According to the Alzheimer Society of Canada and the Canadian government, there are over 400,000 Canadian seniors living with dementia. If you have a loved one who's dealing with memory loss, you're not alone (and neither are they).
Living with various types of dementia isn't easy. Seniors who aren't yet ready to move into senior care facilities are going to face some challenges as they progress through and beyond the early stages of dementia.
Home care can help. We're here to talk all about home care for dementia so you can make an informed decision about what's right for your loved one. Read on to learn more.
Persons with dementia who want to continue living in their homes would benefit from in-home care, even if they're only in the early stages (as a matter of fact, in-home care is borderline necessary during this period of time to allow the person with dementia to be as independent as possible.
While some people think that hiring caregivers means that the person in the home is less independent, this isn't true. An in-home caregiver provides support and companionship that will allow the person with dementia to retain their independence and stay in their home instead of moving to a retirement facility right away.
Regardless of the form of dementia, this condition is degenerative. Having support early on when the person is still able to care for themself on some level will make the progression of the disease easier.
Once the early stages are over, in-home care becomes even more crucial. It allows the person who is living with dementia to stay safe and healthy despite their condition. There's always someone nearby in the event of an emergency.
There will likely come a time in which it will be necessary to move from in-home care to genuine memory care or assisted living, but for the time being, in-home care is a comfortable option.
So what does in-home care for seniors with dementia have to offer?
Companionship is actually one of the most important parts of in-home dementia care. Many people underestimate just how helpful it can be to have a friendly face nearby.
Many seniors struggle with isolation. Isolation is terrible for both physical and mental health, but for seniors with dementia (even in the early stages), it's hard to break this isolation.
Seniors with dementia often begin to withdraw from social groups and family members. While you can take steps to reconnect, it's helpful for them to have someone nearby who can provide comfort and companionship when they're feeling anti-social.
People with dementia also have a harder time getting around on their own. Because they're no longer able to drive to go see friends, they need someone who can come to them when they're feeling isolated.
An in-home caregiver isn't a replacement for a friend group or close family members, but a caregiver can be a great addition to an already strong social network.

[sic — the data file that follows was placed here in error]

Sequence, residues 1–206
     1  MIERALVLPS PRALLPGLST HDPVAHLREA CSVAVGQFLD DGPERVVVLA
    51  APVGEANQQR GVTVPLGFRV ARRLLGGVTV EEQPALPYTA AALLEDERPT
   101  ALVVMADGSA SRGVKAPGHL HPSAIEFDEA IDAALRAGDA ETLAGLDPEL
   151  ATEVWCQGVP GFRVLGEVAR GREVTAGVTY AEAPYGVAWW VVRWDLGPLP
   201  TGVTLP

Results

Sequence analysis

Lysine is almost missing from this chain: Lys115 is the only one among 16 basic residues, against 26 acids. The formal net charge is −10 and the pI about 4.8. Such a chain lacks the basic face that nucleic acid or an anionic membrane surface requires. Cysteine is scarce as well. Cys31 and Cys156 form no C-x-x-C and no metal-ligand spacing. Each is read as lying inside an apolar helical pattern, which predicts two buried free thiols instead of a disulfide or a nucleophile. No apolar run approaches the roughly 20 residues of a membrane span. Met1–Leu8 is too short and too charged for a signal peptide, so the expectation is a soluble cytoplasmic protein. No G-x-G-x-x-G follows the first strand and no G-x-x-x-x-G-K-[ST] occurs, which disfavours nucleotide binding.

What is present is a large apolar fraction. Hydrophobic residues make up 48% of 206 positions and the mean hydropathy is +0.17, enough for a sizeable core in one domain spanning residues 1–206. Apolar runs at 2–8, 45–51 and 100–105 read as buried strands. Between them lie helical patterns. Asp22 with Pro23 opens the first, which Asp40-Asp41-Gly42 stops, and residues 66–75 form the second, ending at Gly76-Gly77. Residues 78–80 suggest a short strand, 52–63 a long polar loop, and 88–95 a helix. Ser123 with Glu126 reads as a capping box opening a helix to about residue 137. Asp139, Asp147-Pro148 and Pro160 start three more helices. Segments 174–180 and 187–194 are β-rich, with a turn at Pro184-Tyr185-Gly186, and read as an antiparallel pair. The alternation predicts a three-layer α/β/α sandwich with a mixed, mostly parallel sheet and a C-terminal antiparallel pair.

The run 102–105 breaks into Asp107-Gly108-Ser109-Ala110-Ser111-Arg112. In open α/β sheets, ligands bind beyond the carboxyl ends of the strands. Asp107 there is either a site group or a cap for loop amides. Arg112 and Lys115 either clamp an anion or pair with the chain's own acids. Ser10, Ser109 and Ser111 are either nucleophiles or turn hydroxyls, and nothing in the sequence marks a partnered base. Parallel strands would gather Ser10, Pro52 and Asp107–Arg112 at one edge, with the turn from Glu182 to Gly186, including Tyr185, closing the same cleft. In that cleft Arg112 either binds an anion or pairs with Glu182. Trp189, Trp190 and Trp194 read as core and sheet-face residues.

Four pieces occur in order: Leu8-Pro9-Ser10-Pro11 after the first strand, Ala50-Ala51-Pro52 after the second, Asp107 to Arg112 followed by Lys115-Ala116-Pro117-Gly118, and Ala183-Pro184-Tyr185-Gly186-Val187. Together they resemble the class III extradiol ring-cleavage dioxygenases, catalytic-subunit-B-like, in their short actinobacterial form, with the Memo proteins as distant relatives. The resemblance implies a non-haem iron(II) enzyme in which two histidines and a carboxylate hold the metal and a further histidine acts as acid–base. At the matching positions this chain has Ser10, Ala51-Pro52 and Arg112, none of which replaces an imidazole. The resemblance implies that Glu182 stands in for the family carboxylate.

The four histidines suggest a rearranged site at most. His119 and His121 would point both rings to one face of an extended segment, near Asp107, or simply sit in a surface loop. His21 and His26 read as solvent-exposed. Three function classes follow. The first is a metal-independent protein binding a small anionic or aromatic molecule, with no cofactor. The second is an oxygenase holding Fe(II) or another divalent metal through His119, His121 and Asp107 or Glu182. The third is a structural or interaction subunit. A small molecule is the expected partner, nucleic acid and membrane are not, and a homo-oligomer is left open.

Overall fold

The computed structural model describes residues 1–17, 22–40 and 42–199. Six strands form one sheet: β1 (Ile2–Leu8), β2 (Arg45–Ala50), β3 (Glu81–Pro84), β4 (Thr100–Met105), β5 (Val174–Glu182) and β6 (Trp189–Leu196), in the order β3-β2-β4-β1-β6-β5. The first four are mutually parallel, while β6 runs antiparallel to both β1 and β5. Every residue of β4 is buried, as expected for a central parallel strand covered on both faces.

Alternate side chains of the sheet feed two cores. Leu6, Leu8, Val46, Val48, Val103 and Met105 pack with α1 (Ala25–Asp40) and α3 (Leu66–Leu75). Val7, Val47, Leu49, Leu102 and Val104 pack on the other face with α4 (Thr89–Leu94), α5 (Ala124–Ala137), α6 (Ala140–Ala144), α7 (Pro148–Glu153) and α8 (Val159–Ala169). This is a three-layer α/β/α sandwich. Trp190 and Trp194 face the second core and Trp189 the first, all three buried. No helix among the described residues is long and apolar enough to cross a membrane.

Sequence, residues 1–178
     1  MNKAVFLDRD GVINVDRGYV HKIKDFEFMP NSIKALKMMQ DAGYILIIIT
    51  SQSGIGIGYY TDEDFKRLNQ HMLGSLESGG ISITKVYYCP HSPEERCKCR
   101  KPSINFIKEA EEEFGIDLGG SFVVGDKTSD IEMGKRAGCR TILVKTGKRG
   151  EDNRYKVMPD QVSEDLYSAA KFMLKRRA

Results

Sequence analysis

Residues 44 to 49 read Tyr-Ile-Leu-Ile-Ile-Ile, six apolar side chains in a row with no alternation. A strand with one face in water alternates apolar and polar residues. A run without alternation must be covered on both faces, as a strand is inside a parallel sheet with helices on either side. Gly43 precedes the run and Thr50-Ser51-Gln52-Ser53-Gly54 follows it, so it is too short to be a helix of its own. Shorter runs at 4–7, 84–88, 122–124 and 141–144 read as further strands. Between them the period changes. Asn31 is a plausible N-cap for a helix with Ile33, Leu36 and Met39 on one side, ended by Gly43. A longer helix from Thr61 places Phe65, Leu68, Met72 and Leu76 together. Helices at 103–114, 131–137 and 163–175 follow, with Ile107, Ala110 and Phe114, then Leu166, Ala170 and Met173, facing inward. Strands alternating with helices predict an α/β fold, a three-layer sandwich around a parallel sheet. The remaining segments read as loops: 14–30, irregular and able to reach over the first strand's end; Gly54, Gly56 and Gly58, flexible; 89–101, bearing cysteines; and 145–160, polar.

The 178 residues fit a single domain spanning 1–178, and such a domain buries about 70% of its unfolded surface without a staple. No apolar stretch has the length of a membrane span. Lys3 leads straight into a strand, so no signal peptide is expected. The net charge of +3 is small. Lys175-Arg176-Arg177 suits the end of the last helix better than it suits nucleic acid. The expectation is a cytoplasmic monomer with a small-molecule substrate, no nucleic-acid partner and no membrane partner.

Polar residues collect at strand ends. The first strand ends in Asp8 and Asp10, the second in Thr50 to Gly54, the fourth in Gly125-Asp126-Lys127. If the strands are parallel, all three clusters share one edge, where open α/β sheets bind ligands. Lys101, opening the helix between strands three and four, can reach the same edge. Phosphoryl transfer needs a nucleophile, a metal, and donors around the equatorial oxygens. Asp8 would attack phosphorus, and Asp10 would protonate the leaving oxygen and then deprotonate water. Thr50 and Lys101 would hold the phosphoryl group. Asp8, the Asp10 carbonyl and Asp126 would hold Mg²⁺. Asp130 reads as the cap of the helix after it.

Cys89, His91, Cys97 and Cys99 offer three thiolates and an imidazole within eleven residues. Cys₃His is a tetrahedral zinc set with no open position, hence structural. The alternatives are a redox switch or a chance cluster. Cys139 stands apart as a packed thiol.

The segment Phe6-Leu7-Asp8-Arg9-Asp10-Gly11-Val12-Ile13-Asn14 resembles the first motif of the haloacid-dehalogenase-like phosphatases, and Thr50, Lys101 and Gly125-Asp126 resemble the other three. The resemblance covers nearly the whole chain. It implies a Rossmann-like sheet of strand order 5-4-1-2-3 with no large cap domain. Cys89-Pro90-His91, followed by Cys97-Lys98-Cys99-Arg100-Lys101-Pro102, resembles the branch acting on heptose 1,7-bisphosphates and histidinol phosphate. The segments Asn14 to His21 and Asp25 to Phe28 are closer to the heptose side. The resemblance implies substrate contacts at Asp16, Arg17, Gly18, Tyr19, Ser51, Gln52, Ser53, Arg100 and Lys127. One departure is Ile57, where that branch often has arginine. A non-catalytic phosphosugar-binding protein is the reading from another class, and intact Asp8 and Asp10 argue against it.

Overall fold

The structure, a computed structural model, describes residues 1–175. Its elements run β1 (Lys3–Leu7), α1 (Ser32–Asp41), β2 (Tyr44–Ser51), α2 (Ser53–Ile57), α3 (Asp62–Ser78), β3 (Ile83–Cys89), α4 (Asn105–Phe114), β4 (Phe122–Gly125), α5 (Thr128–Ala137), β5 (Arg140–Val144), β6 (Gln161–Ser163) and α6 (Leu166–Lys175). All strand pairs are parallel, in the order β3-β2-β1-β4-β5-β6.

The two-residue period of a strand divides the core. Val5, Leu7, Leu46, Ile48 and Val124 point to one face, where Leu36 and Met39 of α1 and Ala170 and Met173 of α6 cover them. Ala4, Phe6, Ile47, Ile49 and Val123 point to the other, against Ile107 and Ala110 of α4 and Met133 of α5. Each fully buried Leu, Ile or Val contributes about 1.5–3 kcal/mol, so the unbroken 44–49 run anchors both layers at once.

Seniors with dementia can benefit from having someone nearby who can help them with basic household tasks. Even seniors who want to stay as independent as possible may need help tidying sometimes, and that's okay.
In-home caregivers aren't maids, but they can help with normal household tasks that the senior would otherwise be dealing with every day. They often help with meals, mild tidying, and even shopping.
They can do these things for the person with dementia or they can help the person with dementia take care of the tasks together. This will depend on their client's mood and how far the condition has progressed.
Personal care is another important type of care that in-home caregivers can offer their clients with dementia.
People with dementia often struggle to take care of themselves. Things that people can take for granted, like taking showers, using the restroom, and even brushing hair, can get complicated.
Even eating isn't easy.
A good in-home caregiver will identify the areas in which their senior client needs the most help. They can make sure that the client takes their medication on time, they can help the client get dressed in the morning and before bed, and they can even help in the shower.
The caregiver will make sure that your senior loved one is safe, clean, and happy even when they're struggling to take care of themself.
Skilled care is crucial for people who are in the later stages of dementia. Someone who's able to provide skilled dementia care will be a huge asset for your loved one.
People who are able to offer skilled care can perform medical services. Not all caregivers are qualified for this, so make sure to ask around. A caregiver that isn't qualified may be able to get you in touch with someone who is who can make occasional skilled care visits.
These caregivers can dress wounds, provide therapeutic help, and more.
You may have heard about respite care. In this context, respite care is when a professional caregiver takes over for a family caregiver.
When you care for someone with dementia, you're going to have to make arrangements for them for when you're not available. Whether you're going on a trip, you have to work, or you just need a break, a respite caregiver will be there to save the day.
You'll know that your loved one is in good hands even when you can't be there.
Dementia home care can be beneficial for seniors with dementia who aren't yet ready to move into a care home. Caregivers can help with everything from basic household tasks to making sure that your loved one keeps up with their health needs and medication.
If you're ready to start looking into home care for a loved one who's in the early stages of dementia, we want to talk to you. Contact us at Carereq to get more information today.